Remembrance Day 2018
Tuesday, 13 November 2018
Yesterday students from Years 3 to 10 gathered in honour of Remembrance Day. Students reflected on the sacrifices made by those who fought for our freedom and paid their respects to The Hutchins School Old Boys who gave their lives in World War I.
The following speech was read by Headmaster Dr Rob McEwan:
One hundred years ago to this very day and at this very time, 11.00am on the 12th of November, 1918, the then Premier of Tasmania, Walter Lee stood outside the Hobart Town Hall before a massive crowd to tell all those gathered that the guns have finally fallen silent in the terrible war that was World War I. The previous day on the 11th of November an armistice treaty had been signed that saw the fighting finally stop. This day was to hold special significance in the years to follow the war, now known as Remembrance Day, the country stops on the 11th hour of the 11th day of the 11th month every year to remember the sacrifices made by those who fought for our freedom.
I know it is hard, perhaps impossible for us to imagine the relief, joy and for many sadness that those gathered at the Hobart Town Hall, 100 years ago would have been feeling. Most homes don’t have faded photographs of men and women in uniform on our mantelpieces anymore, as many of our grandparents and great grandparents did. We don’t know of any family members who fought on the muddy fields and in the trenches on the Western Front.
While it may be difficult to imagine this time 100 years ago, know that every one of us has benefited from what they did. This wonderful country, our freedom, this school, those who have come before us have influenced it all. The very qualities that we value and the freedom we enjoy today stem directly from the events of the past.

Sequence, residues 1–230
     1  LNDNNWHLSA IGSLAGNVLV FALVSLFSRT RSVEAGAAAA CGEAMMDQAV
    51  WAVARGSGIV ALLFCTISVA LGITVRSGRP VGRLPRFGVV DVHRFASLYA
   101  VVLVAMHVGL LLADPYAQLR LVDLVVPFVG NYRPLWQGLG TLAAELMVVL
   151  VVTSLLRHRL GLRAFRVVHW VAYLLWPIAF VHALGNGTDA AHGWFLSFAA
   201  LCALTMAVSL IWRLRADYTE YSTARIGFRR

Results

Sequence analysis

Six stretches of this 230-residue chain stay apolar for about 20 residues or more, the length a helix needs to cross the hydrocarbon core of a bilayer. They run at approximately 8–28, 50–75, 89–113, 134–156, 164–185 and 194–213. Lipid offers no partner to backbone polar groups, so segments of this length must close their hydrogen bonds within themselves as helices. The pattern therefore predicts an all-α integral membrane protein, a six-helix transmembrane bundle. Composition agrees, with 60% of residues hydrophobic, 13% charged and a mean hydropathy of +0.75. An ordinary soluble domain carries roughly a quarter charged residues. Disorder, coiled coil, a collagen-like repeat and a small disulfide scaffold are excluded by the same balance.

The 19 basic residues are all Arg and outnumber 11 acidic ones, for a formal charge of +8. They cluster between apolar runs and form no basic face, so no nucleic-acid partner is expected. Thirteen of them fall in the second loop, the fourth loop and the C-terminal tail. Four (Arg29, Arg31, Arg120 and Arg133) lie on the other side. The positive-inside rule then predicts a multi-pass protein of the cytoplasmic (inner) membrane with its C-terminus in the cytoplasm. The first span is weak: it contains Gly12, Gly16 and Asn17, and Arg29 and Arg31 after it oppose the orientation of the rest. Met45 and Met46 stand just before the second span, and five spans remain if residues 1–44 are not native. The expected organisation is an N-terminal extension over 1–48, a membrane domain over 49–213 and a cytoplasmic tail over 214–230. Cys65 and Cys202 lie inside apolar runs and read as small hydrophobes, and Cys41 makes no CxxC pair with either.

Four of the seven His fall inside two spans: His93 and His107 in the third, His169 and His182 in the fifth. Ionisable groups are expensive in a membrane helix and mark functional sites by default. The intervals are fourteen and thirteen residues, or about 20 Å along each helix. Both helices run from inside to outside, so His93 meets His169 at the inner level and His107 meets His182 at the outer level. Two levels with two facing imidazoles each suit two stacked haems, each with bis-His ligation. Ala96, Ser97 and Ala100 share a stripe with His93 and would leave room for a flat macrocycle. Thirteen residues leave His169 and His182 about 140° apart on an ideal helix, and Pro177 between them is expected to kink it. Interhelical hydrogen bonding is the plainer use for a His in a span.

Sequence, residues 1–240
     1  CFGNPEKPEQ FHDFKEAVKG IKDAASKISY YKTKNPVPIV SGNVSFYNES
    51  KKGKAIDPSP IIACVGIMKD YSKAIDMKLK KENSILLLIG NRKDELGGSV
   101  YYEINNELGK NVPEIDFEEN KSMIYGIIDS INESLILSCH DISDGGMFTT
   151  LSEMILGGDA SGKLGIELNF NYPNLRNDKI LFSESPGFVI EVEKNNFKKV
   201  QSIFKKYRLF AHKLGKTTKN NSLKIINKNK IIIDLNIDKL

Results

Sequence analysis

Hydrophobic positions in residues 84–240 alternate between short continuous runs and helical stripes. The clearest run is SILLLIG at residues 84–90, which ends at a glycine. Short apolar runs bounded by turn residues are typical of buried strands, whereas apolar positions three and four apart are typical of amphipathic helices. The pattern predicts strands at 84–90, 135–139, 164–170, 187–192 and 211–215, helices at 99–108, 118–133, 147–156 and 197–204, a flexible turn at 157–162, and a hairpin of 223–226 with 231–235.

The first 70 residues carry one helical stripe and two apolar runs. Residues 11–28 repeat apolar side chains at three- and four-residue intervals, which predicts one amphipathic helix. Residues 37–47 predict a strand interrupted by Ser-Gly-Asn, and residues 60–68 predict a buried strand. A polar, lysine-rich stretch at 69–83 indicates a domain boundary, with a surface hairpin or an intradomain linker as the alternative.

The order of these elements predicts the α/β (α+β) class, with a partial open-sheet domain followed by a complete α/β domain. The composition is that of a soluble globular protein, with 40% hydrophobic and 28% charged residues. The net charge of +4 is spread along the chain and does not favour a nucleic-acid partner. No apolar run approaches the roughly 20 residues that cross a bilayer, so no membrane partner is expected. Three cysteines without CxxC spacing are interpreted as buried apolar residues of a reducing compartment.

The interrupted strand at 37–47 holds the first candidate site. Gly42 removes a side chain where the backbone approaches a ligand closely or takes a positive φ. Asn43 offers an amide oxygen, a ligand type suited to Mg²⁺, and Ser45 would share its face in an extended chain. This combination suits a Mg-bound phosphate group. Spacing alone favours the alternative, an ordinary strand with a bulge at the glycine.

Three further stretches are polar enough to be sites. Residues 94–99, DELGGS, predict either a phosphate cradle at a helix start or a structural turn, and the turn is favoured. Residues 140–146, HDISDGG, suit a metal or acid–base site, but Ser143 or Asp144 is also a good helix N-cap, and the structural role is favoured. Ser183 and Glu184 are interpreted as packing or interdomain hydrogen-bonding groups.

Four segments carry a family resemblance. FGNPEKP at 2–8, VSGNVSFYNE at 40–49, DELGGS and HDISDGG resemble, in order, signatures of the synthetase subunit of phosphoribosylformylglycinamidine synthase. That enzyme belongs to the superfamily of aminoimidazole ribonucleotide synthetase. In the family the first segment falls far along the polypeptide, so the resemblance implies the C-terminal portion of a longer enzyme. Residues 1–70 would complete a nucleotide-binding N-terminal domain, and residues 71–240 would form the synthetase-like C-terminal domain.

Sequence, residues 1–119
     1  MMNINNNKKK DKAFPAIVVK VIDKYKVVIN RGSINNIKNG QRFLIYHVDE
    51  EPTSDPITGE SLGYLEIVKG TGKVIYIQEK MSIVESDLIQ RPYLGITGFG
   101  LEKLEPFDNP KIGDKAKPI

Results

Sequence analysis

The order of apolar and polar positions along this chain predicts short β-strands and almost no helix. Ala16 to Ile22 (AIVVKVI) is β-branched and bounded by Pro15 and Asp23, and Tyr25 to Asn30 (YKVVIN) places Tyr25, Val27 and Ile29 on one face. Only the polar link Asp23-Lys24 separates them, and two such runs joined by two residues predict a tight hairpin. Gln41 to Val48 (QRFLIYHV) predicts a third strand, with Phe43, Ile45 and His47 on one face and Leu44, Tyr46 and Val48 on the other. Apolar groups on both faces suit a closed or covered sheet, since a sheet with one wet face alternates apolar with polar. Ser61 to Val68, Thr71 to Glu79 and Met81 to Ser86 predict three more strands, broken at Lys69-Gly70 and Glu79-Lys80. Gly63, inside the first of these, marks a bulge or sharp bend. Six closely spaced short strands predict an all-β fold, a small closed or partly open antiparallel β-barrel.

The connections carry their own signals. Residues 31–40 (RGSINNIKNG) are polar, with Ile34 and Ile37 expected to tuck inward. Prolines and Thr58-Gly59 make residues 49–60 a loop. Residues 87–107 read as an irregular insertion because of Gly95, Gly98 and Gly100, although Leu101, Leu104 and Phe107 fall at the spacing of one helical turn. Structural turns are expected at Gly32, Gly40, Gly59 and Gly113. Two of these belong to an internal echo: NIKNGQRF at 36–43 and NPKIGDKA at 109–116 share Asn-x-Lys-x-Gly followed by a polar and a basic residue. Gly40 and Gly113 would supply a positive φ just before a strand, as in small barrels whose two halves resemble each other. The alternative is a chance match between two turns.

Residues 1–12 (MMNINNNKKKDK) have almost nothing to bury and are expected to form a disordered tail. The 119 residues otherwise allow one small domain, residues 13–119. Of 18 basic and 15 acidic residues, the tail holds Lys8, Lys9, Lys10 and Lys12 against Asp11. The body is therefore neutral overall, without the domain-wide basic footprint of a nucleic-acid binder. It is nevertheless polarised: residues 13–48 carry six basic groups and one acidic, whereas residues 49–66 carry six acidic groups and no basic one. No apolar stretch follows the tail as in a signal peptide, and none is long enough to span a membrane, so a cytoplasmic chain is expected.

Just as the sound of warfare, and the fear and destruction that reigned over Europe for over four years was replaced with silence on the 11th of November, 1918 we too will fall silent immediately following the playing of the Last Post. This silence is a time to remember them, to honour their sacrifice and be thankful for the freedom they fought so hard to protect and that they have given to us. This freedom was their dream and for 62,000 of them, it was a dream they never saw. They never made it back home. We are living their dream. We are the recipients of their sacrifice. We owe it to these men and women, not only in WWI but to all Australian service personnel who have fought for our country including those serving our country on this very day in conflict overseas.
At the end of the silence, Angus Christie will play the Rousse – a call to awaken. It is not a call to those who have gone before us – it is a call to us. A call to you and me to honour their sacrifice by protecting the values they fought hard to preserve. Qualities of courage, loyalty, compassion and fairness. A call for us to help others, those less fortunate than us, people we could have been. It is a call to stand up for what is right, to look after each other. This is how we honour them.
Before the playing of the Last Post, the names of Old Hutchins Boys who gave their lives in World War I will be read. Each name is a young man who once sat in the classrooms of The Hutchins School, who volunteered to defend our freedom and who left a family, friends and loved ones behind back here in Australia, each name was a young man who never returned.
When the Rousse has finished, we will return to our normal day, there will be no more speeches or instructions. Rather we will move away in silence to commemorate the day the guns fell silent 100 years ago. Be thankful for what we have, celebrate our freedom, stand up for what is right and look after each other. This is their legacy given to us.
Lest we forget.
Dr Rob McEwan